These programs, for those living under rocks or what have you, these are sexual "education" programs mandated in primary and secondary schools that are designed to coerce sexual abstinence from teenagers. To this end, they're not allowed to talk about 'safer' sex practices at all, often resorting to complete disinformation about the efficacy of condoms and other birth control methods. A member of a religious group promoting this sort of garbage said ""Look at the trends if you want to see whether abstinence education works." Well, Jimmy Hester, I'm glad also noticed that "students... didn't even realize that abstinence was an option." No? You mean, there is a way out of the rampant mandatory sex parties that all high schools have? That's genius! About condoms and safer sex: that just "waters down the message." Which is what? Let me turn to my dear friend Julia for the answer to that:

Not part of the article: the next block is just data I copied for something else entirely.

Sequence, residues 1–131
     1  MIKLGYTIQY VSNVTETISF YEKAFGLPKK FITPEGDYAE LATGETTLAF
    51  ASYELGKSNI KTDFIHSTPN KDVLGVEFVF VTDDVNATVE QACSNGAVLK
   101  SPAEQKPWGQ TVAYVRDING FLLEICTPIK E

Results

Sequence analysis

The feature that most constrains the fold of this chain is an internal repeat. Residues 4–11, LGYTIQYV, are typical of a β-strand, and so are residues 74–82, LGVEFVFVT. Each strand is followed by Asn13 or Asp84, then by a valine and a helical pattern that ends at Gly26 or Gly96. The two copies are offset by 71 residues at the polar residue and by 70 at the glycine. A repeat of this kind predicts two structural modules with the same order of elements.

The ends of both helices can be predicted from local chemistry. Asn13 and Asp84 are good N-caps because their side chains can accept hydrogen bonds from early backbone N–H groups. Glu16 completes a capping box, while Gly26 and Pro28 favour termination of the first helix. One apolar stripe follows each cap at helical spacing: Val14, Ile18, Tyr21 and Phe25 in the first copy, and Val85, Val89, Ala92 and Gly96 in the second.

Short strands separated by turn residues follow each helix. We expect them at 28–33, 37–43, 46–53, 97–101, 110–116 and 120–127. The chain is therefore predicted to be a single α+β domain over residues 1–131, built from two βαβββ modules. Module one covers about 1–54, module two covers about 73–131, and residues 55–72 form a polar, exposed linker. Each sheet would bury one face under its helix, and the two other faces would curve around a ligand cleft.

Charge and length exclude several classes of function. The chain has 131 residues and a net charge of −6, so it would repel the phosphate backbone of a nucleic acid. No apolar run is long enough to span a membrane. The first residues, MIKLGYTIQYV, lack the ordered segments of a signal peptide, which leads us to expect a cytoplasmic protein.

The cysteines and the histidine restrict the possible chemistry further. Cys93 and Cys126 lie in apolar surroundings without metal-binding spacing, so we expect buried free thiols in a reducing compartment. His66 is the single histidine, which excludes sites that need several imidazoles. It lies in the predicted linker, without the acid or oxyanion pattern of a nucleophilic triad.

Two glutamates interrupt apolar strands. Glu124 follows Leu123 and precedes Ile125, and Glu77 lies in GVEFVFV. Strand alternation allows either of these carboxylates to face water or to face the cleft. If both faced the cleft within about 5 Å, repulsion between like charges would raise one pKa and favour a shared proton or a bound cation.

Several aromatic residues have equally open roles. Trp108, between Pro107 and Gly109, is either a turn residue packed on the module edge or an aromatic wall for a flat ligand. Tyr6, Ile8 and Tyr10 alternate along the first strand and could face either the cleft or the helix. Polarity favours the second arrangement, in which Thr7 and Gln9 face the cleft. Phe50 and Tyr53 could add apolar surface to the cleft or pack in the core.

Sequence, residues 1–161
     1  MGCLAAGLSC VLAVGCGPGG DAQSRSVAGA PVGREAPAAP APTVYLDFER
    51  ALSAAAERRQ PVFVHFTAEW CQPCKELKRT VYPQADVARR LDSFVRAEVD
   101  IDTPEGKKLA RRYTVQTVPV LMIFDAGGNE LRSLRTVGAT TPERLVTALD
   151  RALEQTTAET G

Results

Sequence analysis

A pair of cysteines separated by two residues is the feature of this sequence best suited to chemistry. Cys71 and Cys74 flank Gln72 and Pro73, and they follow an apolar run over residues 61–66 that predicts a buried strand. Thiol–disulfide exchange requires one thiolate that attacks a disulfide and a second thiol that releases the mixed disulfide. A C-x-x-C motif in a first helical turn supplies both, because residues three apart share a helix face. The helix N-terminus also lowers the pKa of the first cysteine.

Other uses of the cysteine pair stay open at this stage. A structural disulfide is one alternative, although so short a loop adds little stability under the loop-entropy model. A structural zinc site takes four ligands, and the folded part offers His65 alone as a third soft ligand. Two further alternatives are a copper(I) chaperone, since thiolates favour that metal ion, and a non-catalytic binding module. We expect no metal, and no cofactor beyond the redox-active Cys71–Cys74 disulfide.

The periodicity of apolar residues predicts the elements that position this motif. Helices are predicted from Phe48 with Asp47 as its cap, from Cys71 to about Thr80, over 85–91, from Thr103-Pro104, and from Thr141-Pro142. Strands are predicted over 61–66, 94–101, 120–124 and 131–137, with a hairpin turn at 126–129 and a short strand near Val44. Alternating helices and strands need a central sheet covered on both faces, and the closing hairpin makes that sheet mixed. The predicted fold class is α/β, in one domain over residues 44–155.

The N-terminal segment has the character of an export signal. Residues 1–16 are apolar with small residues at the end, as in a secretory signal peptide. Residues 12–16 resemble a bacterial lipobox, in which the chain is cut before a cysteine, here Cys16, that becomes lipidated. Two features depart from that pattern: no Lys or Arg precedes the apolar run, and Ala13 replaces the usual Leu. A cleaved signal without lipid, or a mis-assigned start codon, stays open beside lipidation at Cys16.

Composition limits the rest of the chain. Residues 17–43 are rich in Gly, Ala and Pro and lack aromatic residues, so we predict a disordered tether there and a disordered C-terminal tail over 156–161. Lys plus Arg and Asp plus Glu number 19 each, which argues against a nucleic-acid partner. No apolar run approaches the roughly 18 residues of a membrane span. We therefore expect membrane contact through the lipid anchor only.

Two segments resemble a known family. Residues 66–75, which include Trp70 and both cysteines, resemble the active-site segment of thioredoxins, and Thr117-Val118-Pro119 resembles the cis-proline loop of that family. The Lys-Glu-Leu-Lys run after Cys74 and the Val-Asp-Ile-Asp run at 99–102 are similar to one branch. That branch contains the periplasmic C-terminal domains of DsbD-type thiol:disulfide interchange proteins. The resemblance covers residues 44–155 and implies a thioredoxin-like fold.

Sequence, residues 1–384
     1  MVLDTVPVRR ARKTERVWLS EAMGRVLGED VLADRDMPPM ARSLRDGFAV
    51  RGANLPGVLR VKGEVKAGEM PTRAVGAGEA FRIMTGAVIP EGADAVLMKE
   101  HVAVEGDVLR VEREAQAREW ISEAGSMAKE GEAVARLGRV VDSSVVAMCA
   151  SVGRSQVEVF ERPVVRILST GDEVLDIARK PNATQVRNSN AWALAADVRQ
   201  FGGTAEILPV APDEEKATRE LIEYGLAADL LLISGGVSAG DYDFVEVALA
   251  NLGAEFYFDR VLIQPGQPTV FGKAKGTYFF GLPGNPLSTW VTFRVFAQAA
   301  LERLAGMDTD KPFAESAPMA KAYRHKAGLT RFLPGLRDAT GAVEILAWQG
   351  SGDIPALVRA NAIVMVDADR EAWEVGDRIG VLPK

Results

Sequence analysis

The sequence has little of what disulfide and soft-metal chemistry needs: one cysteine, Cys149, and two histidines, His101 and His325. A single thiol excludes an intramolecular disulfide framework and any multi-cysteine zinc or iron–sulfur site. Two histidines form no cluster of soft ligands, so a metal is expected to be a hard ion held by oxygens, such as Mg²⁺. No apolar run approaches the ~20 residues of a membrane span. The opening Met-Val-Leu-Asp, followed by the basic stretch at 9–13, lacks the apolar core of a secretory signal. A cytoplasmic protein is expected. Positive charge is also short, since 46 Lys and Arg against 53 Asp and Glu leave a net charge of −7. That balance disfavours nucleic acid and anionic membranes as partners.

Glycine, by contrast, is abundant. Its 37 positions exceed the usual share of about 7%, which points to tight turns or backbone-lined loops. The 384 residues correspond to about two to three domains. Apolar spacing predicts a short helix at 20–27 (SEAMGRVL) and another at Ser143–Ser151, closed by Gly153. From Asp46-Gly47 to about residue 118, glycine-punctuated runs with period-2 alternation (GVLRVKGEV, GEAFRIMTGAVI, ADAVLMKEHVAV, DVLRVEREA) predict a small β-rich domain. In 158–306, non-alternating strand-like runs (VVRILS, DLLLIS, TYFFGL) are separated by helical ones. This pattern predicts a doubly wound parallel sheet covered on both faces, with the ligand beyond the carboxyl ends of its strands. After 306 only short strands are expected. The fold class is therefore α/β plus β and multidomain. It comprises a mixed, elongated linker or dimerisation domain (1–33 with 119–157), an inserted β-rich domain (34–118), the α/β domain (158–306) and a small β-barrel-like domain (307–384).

"Unlike Winston, she had grasped the inner meaning of the Party's sexual puritanism. It was not merely that the sex instict created a world of its own which was outside the Party's control and therefore had to be destroyed ... more important was that sexual privation indued hysteria, which was desirable because it could be transformed into war fever and leader worship. The way she put it was: '...All this marching up and down and cheering and waving flags is simply sex gone sour.' "

Fortunately, ( but also with frightening implications), telling people not to do something doesn't actually mean they'll do anything about it. You'd think they'd have learned that about laws regarding alcohol or marijuana. But in the case of this sort of intentional dis / mis-information, it's had the predictable effect of reducing the use of condoms and birth control, without any accompanying reduction in rates of sexual activity. Nice work!